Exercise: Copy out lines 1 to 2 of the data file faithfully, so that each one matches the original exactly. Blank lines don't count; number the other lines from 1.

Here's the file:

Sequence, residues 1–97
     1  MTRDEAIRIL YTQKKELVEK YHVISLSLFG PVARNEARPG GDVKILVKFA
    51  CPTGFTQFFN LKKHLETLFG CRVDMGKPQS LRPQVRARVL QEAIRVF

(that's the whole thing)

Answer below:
Sequence, residues 1–97
     1  MTRDEAIRIL YTQKKELVEK YHVISLSLFG PVARNEARPG GDVKILVKFA